"Never believe anything until it has been officially denied," people use to say in days of the Soviet Union. Today, the same seems to be true for the European Union's migrant policy. When German Chancellor Angela Merkel engineered the EU-Turkey deal on migrants, it was widely described by the European politicians and the media as a "breakthrough". Merkel and other EU leaders agreed on offering a down payment of €3 billion to the regime of Turkey's President, Recep Tayyip Erdogan, in return for its promises to "stem migrant flows".
In December 2015, nearly four months before the EU-Turkey agreement was even formalized, Hungary's Prime Minister Viktor Orbán accused Chancellor Merkel of working on a "secret deal" with her Turkish counterparts. Orbán was quite specific in his claims, apparently certain that Berlin would soon reveal the details to the public.
"Beyond what we agreed with Turkey in Brussels there's something that doesn't figure in the agreement," Orbán said in December 2015. "We'll wake up one day -- and I think this will be announced in Berlin as soon as this week -- that we have to take in 400,000 to 500,000 refugees directly from Turkey."
Prime Minister Orbán was ridiculed for his claims. European Commission Vice President Frans Timmermans dismissed Orbán's allegations of a secret deal with Turkey as "nonsense".
Bloomberg News reported the German and French outrage at Orbán's allegations at that time:
"France and Germany are working together to manage the flow of migrants, which is a challenge to everyone," French government spokesman Stephane Le Foll told reporters in Paris on Wednesday. "Last weekend the union reached an agreement with Turkey," and Orban should be aware of the details since he was there, Le Foll said.
A German government official, requesting anonymity because EU-Turkey talks are ongoing, said Orban's claim that Germany made a secret deal is false.
As it now turns out, PM Orbán was right about a "secret deal" all along. According to the latest revelations made by the German newspaper Die Welt, Chancellor Merkel, along with Dutch Prime Minister Mark Rutte, had agreed to accept 150,000 to 200,000 Syrian migrants from Turkey into the EU without consulting other European member states.
Pictured above: German Chancellor Angela Merkel meets with Turkey's President, Recep Tayyip Erdogan in Ankara, on February 3, 2017. (Image source RT video screenshot)
Die Welt reported on March 13, 2017:
Contrary to previous information, German Chancellor Angela Merkel (CDU) and Dutch Prime Minister Mark Rutte made concrete commitments on a legal refugee quota during the negotiations on the refugee deal between the EU and Turkey. Merkel and Rutte promised directly to bring in 150,000 to 200,000 Syrian refugees to Europe from Turkey each year...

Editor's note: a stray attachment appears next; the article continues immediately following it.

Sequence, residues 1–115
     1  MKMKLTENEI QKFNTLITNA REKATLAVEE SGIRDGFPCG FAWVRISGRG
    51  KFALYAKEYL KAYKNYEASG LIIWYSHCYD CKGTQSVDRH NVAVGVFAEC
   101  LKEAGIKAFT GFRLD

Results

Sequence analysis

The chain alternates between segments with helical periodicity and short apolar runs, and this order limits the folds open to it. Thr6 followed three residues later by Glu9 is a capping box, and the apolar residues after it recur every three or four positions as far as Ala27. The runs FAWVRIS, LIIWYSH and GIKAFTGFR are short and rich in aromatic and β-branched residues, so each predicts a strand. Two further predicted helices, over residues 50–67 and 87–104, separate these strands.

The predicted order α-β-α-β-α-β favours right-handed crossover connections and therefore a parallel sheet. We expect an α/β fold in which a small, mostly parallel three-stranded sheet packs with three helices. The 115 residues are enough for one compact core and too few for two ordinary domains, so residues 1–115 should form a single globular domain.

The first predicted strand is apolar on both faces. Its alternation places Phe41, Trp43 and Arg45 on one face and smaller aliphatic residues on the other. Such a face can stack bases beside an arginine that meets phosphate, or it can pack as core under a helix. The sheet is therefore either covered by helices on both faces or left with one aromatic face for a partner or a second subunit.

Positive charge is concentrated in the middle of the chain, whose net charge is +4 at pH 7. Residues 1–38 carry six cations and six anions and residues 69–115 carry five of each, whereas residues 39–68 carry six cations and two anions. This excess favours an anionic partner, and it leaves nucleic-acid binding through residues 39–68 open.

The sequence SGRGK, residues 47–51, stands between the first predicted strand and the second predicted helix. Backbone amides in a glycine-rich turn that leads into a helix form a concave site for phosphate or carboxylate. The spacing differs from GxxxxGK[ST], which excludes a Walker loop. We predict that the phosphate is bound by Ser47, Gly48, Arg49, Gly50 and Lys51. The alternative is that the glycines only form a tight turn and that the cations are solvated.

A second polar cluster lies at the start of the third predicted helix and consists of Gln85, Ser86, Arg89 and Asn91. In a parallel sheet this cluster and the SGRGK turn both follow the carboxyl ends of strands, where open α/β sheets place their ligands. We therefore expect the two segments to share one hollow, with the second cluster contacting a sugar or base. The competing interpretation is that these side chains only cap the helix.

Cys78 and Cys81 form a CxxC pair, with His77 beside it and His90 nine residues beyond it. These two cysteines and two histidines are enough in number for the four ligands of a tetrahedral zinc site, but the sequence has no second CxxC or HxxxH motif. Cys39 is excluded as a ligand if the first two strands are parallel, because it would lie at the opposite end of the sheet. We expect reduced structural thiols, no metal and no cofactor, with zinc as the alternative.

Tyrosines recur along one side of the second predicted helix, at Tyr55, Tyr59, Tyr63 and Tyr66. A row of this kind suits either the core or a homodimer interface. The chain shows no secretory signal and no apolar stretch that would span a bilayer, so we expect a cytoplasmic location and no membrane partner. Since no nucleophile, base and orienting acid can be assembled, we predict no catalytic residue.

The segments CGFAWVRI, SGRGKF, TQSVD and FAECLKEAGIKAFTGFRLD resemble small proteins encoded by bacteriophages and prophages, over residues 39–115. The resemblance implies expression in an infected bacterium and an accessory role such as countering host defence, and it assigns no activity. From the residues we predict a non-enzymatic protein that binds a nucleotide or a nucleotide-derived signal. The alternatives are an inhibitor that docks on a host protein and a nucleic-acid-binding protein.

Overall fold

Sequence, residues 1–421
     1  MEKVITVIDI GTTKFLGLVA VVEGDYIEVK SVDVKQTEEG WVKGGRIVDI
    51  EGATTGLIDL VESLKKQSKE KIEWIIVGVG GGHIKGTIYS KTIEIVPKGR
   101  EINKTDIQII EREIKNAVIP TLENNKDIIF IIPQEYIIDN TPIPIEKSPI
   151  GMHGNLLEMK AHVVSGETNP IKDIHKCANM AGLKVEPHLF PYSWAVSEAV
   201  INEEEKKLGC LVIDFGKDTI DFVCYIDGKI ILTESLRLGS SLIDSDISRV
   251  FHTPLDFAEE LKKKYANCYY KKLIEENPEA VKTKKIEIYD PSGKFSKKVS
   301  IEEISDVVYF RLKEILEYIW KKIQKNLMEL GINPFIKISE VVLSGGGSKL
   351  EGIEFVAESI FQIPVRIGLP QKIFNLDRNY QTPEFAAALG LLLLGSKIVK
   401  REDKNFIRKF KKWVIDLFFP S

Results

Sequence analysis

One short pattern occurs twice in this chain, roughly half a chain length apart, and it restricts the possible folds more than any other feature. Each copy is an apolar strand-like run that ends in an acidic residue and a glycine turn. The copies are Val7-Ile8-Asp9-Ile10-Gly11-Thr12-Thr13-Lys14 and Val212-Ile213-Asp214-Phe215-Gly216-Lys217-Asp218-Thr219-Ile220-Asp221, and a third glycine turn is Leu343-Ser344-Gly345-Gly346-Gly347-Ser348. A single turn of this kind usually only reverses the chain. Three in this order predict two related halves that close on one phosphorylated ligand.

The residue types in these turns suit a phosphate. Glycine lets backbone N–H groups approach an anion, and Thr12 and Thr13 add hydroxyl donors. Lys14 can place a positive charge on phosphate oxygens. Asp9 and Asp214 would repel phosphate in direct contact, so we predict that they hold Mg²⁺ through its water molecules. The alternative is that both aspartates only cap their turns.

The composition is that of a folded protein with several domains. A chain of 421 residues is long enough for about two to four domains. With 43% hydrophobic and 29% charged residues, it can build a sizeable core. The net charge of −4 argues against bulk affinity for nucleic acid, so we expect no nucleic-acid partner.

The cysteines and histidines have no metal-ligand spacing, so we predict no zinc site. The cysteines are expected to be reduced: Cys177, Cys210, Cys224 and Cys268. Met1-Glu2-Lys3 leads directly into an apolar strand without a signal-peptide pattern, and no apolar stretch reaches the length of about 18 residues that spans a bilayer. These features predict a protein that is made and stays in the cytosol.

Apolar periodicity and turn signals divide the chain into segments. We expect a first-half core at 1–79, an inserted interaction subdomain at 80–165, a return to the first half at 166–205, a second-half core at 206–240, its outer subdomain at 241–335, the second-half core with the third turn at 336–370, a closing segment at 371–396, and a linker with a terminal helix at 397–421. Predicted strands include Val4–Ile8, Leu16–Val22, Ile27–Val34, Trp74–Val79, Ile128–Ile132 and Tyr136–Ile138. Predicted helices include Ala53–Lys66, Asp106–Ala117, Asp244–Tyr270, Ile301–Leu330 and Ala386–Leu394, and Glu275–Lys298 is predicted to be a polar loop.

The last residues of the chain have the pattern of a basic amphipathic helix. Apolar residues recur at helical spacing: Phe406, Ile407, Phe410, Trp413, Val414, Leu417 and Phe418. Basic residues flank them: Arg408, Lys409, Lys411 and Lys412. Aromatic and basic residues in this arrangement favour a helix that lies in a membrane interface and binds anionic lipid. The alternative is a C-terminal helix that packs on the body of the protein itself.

The plan agreed upon by Merkel, [Turkey's Prime Minister] Davutoglu and Rutte was presented the following day as an unexpected suggestion by Turkey. The heads of the state and governments agreed on a "voluntary intake due to humanitarian reason" in the final document of the summit.
The exact number was not revealed to the European [leaders] by Merkel, Davutoglu or Rutte. The three heads of government reached an understanding on the number 150,000 to 250,000 through a gentleman's agreement. This has been confirmed by several individuals involved in the negotiations.
There is a plausible reason why Merkel and Rutte are still hiding these migrant figures from the public. Both Rutte and Merkel have to face their voters this year and are looking at a real prospect of anti-mass immigration parties making strong gains in the March and September general elections respectively.
Regardless of any secret dealings, however, the idea of importing hundreds of thousands of migrants into Europe fits seamlessly into what seems to be Merkel's agenda of transforming the German and European demography.
In September 2015, before the migrant crisis could even fully unfold, Germany's Vice-Chancellor Sigmar Gabriel declared that country could absorb up to 500,000 migrants each year.
In a government report published last month by the German newspaper Rheinische Post, experts recommended an annual intake of up to 300,000 migrants a year for the next 40 years, to counter lower German birth rates. According to these official estimates, Germany will have to take in 12 million migrants to keep the current size of the German population -- 82 million -- stable through 2060.
As they embark on a bizarre social engineering project on a continental scale, members of Germany's political class evidently do not see the need to consult even their own electorates. Instead, they apparently believe in creating irreversible facts on the ground. They are even proposing a contingency plan to thwart a potential backlash from the population. In case of any future national referendum, Germany's Federal Commissioner for Refugees and Migrants, Aydan Özoguz, recommends giving voting rights to migrants permanently residing in Germany.
Considering the ironclad support for Merkel's "Refugees Welcome" policy in the German media and across the political establishment, there seems to be a consensus within Germany's political establishment to keep the floodgates of mass-migration open, no matter how high the price.
For Merkel and Germany's political elite, the victims of Islamist terror attacks across Germany or the hundreds of women who were sexually assaulted in Cologne's central square on New Year's Eve are merely roadkill on the Autobahn leading to their promised multicultural paradise.
Vijeta Uniyal, a journalist and news analyst, is based in Germany.